Mural celebrating Vietnamese heritage set for Fields Corner

Ngoc-Tran Vu

Ngoc-Tran Vu, a multimedia artist who is best known as “Tran,” has won a $10,000 grant to design and paint a permanent mural celebrating Vietnamese culture in Fields Corner. The artwork will adorn the side of the Pho Hoa restaurant across from Dot House Health and is scheduled to be completed by this fall.

“I saw how the empty walls could be used for art and a space of gathering for both residents and visitors. Plus Dorchester could definitely use more art,” said Tran, who lives across the street from the restaurant. She won support for her vision after speaking with restaurant owner Tam Le.

Le is all for the idea. He says the mural will illustrate what he and his family want the restaurant Pho Hoa to be ever since it opened 25 years ago— a showcase of Vietnamese heritage.

“I feel honored, excited, proud,” Le told the Reporter. “Honored that Tran has decided to use our wall to create what we anticipate to be a beautiful homage to our heritage and community, excited to see the community come together to share the experience of the creation of the piece, proud of Tran and her dedication to the Vietnamese community. I could not think of a more fitting person nor a more fitting medium to achieve this than Tran’s mural,” he said.

Tran intends to showcase Vietnamese cultural presence in Dorchester through its history of refugee and immigrant settlements up to today’s business owners, organizations, and the churches, just to name a few. “When people think of Asian American, they think about Chinese, Japanese, and Korean, but a lot of time the Southeast Asian folks are left out,” she said. “It’s so important for the Vietnamese to showcase their presence and their contribution to the vibrancy and make-up of the Boston community.”

Ngoc-Tran Vu was born in Sài Gòn, Viet Nam and emigrated to the United States in 1992 when she was four years old. She was raised in Dorchester and South Boston. Her mom was a home maker, and her dad attended Bunker Hill Community College studying biomedical engineering during the day. At night, he worked various jobs like construction work and electrical work. Together, her parents raised five children.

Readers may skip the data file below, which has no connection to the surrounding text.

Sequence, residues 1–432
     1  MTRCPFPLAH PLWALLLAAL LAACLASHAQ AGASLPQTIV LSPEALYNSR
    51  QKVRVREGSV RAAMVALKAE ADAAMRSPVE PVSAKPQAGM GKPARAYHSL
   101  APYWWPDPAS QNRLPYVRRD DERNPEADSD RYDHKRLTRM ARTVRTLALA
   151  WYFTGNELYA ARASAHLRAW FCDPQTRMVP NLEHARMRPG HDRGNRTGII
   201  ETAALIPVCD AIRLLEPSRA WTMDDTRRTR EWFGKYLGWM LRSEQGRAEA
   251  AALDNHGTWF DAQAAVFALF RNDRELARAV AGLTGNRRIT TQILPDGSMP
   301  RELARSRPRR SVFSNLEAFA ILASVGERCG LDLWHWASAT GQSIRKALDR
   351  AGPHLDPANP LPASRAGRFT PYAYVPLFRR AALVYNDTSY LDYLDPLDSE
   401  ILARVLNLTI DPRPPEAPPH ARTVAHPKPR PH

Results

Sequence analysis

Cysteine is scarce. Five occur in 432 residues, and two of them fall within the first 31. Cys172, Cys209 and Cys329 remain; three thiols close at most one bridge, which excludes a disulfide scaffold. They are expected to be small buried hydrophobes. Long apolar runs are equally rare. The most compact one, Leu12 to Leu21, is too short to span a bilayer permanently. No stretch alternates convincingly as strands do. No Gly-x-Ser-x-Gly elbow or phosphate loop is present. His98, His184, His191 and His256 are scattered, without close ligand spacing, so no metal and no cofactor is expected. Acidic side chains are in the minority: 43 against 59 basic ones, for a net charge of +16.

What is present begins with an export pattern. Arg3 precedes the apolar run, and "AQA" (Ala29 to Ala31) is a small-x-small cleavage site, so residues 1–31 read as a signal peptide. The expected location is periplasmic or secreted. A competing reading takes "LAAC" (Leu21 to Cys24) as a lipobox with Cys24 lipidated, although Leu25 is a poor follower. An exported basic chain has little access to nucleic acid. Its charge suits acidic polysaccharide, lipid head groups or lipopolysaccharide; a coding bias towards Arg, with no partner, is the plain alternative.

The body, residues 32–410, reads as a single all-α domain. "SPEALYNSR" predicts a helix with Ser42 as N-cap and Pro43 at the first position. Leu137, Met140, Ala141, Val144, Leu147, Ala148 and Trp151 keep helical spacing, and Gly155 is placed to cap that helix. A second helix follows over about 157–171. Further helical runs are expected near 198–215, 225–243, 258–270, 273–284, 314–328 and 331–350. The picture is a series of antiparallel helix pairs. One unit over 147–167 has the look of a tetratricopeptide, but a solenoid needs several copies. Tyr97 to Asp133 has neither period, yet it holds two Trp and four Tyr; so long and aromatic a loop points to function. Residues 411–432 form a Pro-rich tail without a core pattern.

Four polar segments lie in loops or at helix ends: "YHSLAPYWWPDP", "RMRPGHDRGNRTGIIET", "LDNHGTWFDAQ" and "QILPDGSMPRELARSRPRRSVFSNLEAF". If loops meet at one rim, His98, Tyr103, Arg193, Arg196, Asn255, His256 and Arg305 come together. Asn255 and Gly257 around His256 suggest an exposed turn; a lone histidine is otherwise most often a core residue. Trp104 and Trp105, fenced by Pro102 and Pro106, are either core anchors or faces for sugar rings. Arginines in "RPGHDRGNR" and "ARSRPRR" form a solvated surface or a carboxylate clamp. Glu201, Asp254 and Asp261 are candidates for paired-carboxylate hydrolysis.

Tran earned her bachelor’s degree in Ethnic Studies and Visual Arts at Brown University, and her master’s in Arts and Politics at New York University’s Tisch School of the Arts. “Dorchester is my home community,” said Vu. “It’s an amazing opportunity to work with my community and to create a platform so different voices can be a part of it. It’s such an honor.”

Vu brought her mural idea to the Creative City Initiative of New England Foundations for the Arts (NEFA) pilot program that was launched in 2015. She is one of seven artists who received grants from the Creative City Project for its latest cycle. Creative City iinvites artists of all disciplines to submit their proposals. “It focuses on bringing their practice in the public realm,” said Kim Stezo, the project manager of Creative City.

Stezo said the initiative seeks out projects that reflect diversity across neighborhoods and cultures. “The panel was excited about the community engagement process in designing this mural, especially for a permanent piece to involve the community voice and engage community members in the project,” she said. “We haven’t had a project focusing on the Vietnamese community or in Fields Corner, so that’s very exciting.”

Vu will receive 75 percent of the grant to start her project and the rest after it is finished. The money will go toward materials like paint, wood, art installations, and ladders. It will also be shared by herself, her assistant, an advisory board of 8 to 10 members, and about 5 youth artists who will help paint the mural.

She is in the process of recruiting people for these roles and plans to start work next month and finish by the end of September.